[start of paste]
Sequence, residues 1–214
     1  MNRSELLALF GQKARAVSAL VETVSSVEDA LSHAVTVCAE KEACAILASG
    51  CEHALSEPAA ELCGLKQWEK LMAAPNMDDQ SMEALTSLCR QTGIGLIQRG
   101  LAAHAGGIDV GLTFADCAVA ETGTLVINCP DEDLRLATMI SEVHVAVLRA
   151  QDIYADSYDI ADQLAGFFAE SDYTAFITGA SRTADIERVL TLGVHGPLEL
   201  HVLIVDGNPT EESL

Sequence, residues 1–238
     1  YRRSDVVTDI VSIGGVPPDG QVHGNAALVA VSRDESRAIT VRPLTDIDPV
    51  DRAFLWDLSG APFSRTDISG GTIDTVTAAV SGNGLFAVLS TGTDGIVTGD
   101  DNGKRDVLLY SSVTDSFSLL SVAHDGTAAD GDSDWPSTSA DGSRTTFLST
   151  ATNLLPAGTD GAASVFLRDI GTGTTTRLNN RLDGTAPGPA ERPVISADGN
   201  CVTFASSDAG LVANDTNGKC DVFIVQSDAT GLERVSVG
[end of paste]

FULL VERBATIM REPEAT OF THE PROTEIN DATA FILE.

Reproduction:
Sequence, residues 1–214
     1  MNRSELLALF GQKARAVSAL VETVSSVEDA LSHAVTVCAE KEACAILASG
    51  CEHALSEPAA ELCGLKQWEK LMAAPNMDDQ SMEALTSLCR QTGIGLIQRG
   101  LAAHAGGIDV GLTFADCAVA ETGTLVINCP DEDLRLATMI SEVHVAVLRA
   151  QDIYADSYDI ADQLAGFFAE SDYTAFITGA SRTADIERVL TLGVHGPLEL
   201  HVLIVDGNPT EESL

Sequence, residues 1–238
     1  YRRSDVVTDI VSIGGVPPDG QVHGNAALVA VSRDESRAIT VRPLTDIDPV
    51  DRAFLWDLSG APFSRTDISG GTIDTVTAAV SGNGLFAVLS TGTDGIVTGD
   101  DNGKRDVLLY SSVTDSFSLL SVAHDGTAAD GDSDWPSTSA DGSRTTFLST
   151  ATNLLPAGTD GAASVFLRDI GTGTTTRLNN RLDGTAPGPA ERPVISADGN
   201  CVTFASSDAG LVANDTNGKC DVFIVQSDAT GLERVSVG